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Localized immediate early gene expression related to the strength of song learning in socially reared zebra finches

Authors

  • Johan J. Bolhuis,

    1. Behavioural Biology, Institute of Evolutionary and Ecological Sciences, Leiden University, PO Box 9516, 2300 RA Leiden, The Netherlands
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  • Elske Hetebrij,

    1. Behavioural Biology, Institute of Evolutionary and Ecological Sciences, Leiden University, PO Box 9516, 2300 RA Leiden, The Netherlands
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  • Ardie M. Den Boer-Visser,

    1. Evolutionary Morphology, Institute of Evolutionary and Ecological Sciences, Leiden University, PO Box 9516, 2300 RA Leiden, The Netherlands
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  • Jurriaan H. De Groot,

    1. Evolutionary Morphology, Institute of Evolutionary and Ecological Sciences, Leiden University, PO Box 9516, 2300 RA Leiden, The Netherlands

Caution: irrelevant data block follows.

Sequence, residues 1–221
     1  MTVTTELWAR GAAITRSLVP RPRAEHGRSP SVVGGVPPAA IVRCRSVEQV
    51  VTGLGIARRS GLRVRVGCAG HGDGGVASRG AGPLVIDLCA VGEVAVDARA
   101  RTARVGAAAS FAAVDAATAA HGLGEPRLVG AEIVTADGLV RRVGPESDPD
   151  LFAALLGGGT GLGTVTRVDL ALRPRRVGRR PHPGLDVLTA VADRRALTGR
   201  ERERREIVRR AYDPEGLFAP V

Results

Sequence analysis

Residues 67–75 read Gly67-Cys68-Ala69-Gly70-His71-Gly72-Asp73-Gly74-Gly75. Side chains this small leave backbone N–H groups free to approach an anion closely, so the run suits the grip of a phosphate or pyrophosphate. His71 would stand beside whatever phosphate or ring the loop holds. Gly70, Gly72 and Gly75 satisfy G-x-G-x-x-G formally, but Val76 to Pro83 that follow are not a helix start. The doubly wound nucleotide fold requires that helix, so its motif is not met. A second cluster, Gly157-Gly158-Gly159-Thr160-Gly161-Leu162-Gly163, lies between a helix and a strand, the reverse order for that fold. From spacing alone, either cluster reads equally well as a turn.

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  • Guus G. O. Zijlstra

    1. Behavioural Biology, Institute of Evolutionary and Ecological Sciences, Leiden University, PO Box 9516, 2300 RA Leiden, The Netherlands
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: Dr Johan J. Bolhuis, as above.
E-mail: bolhuis@rulsfb.leidenuniv.nl

Abstract

Recent evidence showed that exposure of tape-tutored zebra finch (Taeniopygia guttata castanotis) males to the tutor song involves neuronal activation in brain regions outside the conventional ‘song control pathways’, particularly the caudal part of the neostriatum (NCM) and of the hyperstriatum ventrale (CMHV). Zebra finch males were reared with a live tutor during the sensitive period for song learning. When, as adults, they were re-exposed to the tutor song, the males showed increased expression of Fos, the protein product of the immediate early gene c-fos, in the NCM and CMHV, compared with expression in two conventional ‘song control nuclei’, high vocal centre (HVC) and Area X. The strength of the Fos response (which is a reflection of neuronal activation) in the NCM (but not in the other three regions) correlated significantly and positively with the number of song elements that the birds had copied from the tutor song. Thus, socially tutored zebra finch males show localized neural activation in response to tutor song exposure, which correlates with the strength of song learning.

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